No, Ontario. You Don’t Want Weed to Be Sold in Liquor Stores

You say you do, but it's a terrible idea.
Manisha Krishnan
Toronto, CA
September 2, 2016, 6:38pm
Photo via Flickr user Open Grid Scheduler / Grid Engineid Engine.

"I love getting booze exclusively from the LCBO, it's such a great system," said no one ever.

Yet somehow, the provincially-run liquor system Ontarians love to whine about is still their top pick for where they want recreational weed to be sold once it's legalized.

According to a Nanos Research poll, 41 percent of Ontarians are in favour of that option, followed by pharmacies at 32 percent and "privately owned marijuana stores" aka dispensaries at 17 percent.


One of the primary concerns appears to be keeping weed out of the hands of young people, with more than 85 per cent of Ontarians in favour of ID checks.

"People are clearly more comfortable with restricting marijuana sales to spaces that aren't frequented by children," said Ontario Public Service Employees Union (OPSEU) President Warren (Smokey) Thomas in a press release, while OPSEU Liquor Board Employees Divisional Executive Chair Denise Davis said, "We have a system that we know prevents minors from buying alcohol. Why reinvent the wheel when the risks are so great?"

Honestly, how much skill does it take to check someone's date of birth and make sure they're of legal age? Convenience stores manage to sell smokes to adults just fine. Anyone who's completed grade school math can manage it. There are, however, legit reasons why selling weed at liquor stores is a terrible idea. Here are a few:

Poor selection
Medical marijuana patients have already complained about the lack of selection available through licensed producers, citing poor genetic diversity, and a complete dearth of edibles and extracts as a couple of the major issues. The LCBOs are bound to be more of the same. Weed is experiencing a golden era right now—there are even craft growers—but just like you're never going to find a rare bottle of Pappy van Winkle at the LCBO, you can assume they won't carry exclusive strains like God's Vagina 2.0 or Afghani Bullrider, let alone the many other forms of THC, including treats, oils, tinctures, pills, and concentrates. Unless you want to be limited to smoking the Molson's of weed, the LCBO is not a great option.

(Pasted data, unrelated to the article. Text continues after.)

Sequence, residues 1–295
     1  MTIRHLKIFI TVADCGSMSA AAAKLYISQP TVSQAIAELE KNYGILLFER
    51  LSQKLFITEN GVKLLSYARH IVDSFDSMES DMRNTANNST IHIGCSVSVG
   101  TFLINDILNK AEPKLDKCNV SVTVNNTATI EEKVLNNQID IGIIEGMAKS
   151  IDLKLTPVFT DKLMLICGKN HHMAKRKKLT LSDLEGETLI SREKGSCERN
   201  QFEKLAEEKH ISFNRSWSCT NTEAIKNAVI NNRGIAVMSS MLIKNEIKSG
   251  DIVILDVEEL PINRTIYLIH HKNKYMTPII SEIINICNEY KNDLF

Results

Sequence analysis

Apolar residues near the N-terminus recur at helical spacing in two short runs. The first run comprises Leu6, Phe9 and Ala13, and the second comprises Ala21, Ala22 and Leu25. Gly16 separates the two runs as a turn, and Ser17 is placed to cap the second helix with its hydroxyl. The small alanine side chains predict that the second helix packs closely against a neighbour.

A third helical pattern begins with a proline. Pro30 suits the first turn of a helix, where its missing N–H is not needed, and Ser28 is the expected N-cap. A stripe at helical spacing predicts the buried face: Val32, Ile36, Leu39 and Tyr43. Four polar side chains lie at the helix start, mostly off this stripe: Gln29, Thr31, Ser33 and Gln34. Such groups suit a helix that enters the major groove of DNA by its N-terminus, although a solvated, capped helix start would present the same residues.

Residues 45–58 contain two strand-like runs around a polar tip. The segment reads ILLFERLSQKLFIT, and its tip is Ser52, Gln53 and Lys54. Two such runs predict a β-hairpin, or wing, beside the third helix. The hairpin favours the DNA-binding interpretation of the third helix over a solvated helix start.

Don't expect to see crazy shit at the LCBO. Photo by Manisha Krishnan

LCBO employees don't know shit about weed right now
Chances are the freshman university student who works at the LCBO on the weekend and still smokes from a gravity bong doesn't know all that much about weed—and he's probably the most knowledgeable employee there. The fact is, whether it's legal or not, the cannabis industry is already massive, and full of people who can do a lot more than just differentiate between and indica and a sativa. They can tell you exactly what you need to treat pain, sleep better, feel less anxiety, increase a low appetite, be creative, or just get really fucking high. You've pretty much got to go into the LCBO knowing what you're looking for, which works out OK for alcohol. But when we're talking about a brand new substance that most people know very little about, a level of expertise beyond knowing how to handle cash and check IDs is necessary. They can claim they are going to train their employees all the want, but government employees are never going to have the savvy that passionate cannafolk have.

The hours suck
Anyone who has experienced the pain of desperately Ubering to a Wine Rack before a house party because it's the only thing open at 10 PM knows what I'm talking about. This isn't as big of an issue in provinces where there are private liquor stores—like BC and Alberta—but unfortunately those options don't exist here in Puritan Ontario. On the other hand, we do have drug dealers who tend to be more flexible. Locking up weed in the LCBO, with its rigid schedule, is probably the same as giving money to the black market.

Weed and liquor don't mix
Smoking a joint once you've been drinking is a great recipe for barfing all night. I've little doubt that selling the two substances together will encourage people to mix them. Sure, you may be heading to the LCBO to pick up a six-pack, but why not get some chronic there too if it's there. Even people who know better (like me) would probably be tempted to buy both if it was that convenient. As we all know, once you start drinking you make stupid decisions, which could result in a lot of people with the spins on a Friday night.

It's not really fair
This is more of a moral argument, but the entire legalization movement was basically built on the backs of medical marijuana patients—people who sued the government time and time again on the grounds that their access to medication was being illegally restricted. To now turn around and let the government have complete control of a market that they contributed nothing to just seems really unfair.

One explanation for the way Ontarians voted in this poll is that more than 83 percent reported never consuming marijuana. Hopefully people who actually know what they are talking about will have a bigger say once it's time to make real decisions.

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